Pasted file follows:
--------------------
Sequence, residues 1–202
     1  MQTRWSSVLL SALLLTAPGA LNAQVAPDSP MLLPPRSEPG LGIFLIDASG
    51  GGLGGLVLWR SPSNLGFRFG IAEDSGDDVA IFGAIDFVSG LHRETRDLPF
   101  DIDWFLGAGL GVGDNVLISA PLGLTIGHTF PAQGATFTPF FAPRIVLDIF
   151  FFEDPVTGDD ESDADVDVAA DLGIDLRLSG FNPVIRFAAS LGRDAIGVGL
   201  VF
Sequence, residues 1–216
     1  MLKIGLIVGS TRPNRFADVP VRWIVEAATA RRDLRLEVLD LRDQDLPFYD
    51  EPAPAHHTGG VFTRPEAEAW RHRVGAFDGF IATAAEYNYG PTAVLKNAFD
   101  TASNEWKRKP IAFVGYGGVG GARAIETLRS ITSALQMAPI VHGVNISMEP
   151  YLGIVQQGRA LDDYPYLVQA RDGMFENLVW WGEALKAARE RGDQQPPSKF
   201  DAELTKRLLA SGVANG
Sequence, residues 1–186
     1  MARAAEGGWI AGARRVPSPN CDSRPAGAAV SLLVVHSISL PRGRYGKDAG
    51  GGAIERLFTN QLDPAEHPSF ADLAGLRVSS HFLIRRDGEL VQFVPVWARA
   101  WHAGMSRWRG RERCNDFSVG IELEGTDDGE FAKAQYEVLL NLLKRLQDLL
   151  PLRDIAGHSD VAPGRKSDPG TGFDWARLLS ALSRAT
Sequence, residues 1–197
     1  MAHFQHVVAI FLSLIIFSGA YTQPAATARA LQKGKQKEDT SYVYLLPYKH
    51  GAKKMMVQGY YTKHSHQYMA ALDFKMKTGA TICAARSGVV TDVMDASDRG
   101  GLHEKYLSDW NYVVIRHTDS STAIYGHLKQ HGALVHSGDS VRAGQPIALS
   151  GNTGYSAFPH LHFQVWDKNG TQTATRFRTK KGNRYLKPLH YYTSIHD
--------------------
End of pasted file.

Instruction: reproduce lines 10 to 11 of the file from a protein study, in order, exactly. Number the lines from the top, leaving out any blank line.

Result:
   101  TASNEWKRKP IAFVGYGGVG GARAIETLRS ITSALQMAPI VHGVNISMEP
   151  YLGIVQQGRA LDDYPYLVQA RDGMFENLVW WGEALKAARE RGDQQPPSKF